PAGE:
Upon hearing the name Riverton Meadows, one thinks of the landfill, Jamaica's largest dump which is operated by the National Solid Waste Management Authority (NSWMA).
According to the residents, the community is the feeding pot for a lot of Jamaicans who unknowingly consume a lot of food items, like fish and chicken, that are found at the dump.
One woman in an interview with THE STAR, said that she has been selling the rejected and expired items for years, and noted that this is her only source of income. She claims to have a refrigerator stocked with different types of meat, including chicken, pork, beef, and liver. She added that she also caters to the seafood lovers, selling containers of fish, oysters, shrimp and lobsters.
In addition to the meats, she said she also sells diapers, canned food and juices. Although some of the products have already expired, she said that they are in high demand from her customers, most of whom, she said, reside outside of the community.
"Me nuh sell date, enuh, Miss, me sell goods. Check all my tings dem and see seh dem good. And even if the date pass di shelf life, it nuh mean it expire fi eat. A nuff people can't afford to go buy the tings dem inna the topanaris supermarket dem, so dem buy from we and prepare the same meal dem weh uptown people a nyam," she said.
Goods are delivered sometimes weekly or bimonthly by truck men who are instructed to dump the items at the landfill. But instead of dumping the products, she said they are sold to residents at a very affordable cost.
"Is a struggle and war fi get the tings dem sometimes because when the truck dem come, people jump on the truck and claim dem. Sometimes the driver dem just park and come out a it, and when you look, dem not even have to bother go dump cause it empty," she said between laughter.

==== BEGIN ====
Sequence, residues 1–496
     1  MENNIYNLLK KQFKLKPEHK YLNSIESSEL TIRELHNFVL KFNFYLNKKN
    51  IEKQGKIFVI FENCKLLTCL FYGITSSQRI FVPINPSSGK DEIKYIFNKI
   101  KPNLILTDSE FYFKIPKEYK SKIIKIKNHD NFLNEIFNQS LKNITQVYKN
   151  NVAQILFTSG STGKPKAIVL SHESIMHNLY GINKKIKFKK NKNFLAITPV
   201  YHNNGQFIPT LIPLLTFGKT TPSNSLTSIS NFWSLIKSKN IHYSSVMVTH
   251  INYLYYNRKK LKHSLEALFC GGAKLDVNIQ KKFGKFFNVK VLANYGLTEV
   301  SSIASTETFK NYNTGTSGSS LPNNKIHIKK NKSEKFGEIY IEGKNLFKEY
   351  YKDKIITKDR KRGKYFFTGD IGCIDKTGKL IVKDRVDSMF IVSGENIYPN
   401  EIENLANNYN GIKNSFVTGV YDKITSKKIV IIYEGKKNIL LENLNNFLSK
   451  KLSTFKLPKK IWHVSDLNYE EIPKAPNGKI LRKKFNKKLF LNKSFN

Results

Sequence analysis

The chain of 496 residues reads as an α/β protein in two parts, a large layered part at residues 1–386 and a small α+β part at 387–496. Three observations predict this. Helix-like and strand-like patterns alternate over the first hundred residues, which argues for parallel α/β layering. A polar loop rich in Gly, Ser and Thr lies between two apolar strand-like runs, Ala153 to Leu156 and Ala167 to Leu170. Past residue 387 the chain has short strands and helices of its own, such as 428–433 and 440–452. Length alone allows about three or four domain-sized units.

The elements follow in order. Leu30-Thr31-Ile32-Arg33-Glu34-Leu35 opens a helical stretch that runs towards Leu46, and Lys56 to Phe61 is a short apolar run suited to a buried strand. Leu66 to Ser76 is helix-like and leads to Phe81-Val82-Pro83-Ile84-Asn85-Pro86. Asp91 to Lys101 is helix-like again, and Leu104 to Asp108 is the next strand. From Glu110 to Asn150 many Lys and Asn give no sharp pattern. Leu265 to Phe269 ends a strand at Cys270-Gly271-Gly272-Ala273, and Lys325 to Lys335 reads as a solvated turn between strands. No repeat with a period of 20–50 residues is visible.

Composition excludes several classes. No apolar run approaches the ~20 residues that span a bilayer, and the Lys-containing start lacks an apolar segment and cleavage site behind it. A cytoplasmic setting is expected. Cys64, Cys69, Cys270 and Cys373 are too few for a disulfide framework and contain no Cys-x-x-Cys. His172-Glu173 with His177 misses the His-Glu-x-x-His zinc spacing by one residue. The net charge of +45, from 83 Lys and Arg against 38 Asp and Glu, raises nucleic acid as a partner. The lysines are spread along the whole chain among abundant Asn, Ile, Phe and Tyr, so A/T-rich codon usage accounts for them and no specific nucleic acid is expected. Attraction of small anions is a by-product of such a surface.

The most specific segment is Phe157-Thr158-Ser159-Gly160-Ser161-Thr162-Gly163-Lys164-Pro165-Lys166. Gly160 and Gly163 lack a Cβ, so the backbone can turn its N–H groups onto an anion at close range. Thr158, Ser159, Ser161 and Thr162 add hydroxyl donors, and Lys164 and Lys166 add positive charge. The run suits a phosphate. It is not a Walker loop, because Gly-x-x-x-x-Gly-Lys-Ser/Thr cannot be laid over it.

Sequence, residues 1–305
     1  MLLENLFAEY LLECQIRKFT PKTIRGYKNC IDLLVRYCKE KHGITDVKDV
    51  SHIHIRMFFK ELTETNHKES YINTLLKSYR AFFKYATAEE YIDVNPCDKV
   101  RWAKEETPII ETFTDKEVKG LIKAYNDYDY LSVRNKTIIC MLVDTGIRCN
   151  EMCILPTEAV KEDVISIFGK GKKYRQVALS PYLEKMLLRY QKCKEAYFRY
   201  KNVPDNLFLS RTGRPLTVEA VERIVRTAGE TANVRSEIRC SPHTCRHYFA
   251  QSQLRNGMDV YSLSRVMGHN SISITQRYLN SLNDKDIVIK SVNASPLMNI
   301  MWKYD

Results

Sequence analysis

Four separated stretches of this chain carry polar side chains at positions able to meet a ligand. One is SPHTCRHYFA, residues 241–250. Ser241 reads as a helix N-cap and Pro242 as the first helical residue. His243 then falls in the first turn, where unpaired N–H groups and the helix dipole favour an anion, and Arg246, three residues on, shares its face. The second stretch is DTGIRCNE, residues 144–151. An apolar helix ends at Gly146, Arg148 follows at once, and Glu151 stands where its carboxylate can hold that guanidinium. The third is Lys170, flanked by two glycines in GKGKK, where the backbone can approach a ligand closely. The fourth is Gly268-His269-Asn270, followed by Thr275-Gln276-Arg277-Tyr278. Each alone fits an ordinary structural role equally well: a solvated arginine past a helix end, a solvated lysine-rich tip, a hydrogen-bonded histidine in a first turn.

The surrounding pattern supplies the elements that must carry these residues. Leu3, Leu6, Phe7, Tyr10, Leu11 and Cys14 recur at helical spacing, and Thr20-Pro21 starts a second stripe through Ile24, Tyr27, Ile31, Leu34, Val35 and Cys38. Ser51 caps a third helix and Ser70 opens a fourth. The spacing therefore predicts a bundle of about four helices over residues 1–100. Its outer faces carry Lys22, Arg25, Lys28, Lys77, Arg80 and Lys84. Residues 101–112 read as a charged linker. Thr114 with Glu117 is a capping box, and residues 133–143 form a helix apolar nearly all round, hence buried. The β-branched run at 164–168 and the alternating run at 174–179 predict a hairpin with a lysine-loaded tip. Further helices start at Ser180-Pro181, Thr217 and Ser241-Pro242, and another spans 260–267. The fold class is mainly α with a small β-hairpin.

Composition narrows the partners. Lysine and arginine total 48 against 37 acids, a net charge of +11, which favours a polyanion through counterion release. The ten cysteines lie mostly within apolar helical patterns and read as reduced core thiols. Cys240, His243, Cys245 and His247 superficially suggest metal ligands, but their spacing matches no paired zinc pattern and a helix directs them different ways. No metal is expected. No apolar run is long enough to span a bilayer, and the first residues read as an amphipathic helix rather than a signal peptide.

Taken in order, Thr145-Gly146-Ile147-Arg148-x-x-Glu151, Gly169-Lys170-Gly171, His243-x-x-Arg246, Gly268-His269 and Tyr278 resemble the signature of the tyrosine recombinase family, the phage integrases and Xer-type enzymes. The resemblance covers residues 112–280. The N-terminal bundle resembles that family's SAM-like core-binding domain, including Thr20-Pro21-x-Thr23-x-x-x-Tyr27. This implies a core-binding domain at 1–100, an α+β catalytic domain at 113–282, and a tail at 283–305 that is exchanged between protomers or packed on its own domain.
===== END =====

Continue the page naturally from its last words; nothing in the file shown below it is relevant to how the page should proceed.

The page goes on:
However, this is not the first time that the issue has come to the fore. In 2015, The Sunday Gleaner reported that meat dumped at the Riverton landfill were being sold openly in downtown Kingston.
This was again confirmed that the dumped chicken is sold in the market district for $100 per pound, while other meat kinds such as mutton and pork go for $120 pound. Lobster, which usually has a retail price of $1,500, can be purchased at a reduced price of $300.
"Nuff time when you go dung a town and see the people dem a sell cheap, weh you think dem get it from? A dem our kids eat and a bare healthy good body children me see a run up and down a Riverton," she added.
She is just one of many sellers of the rejected items. She said that it is a booming business with a clientele that includes dozens of wholesalers, retailers and even supermarkets.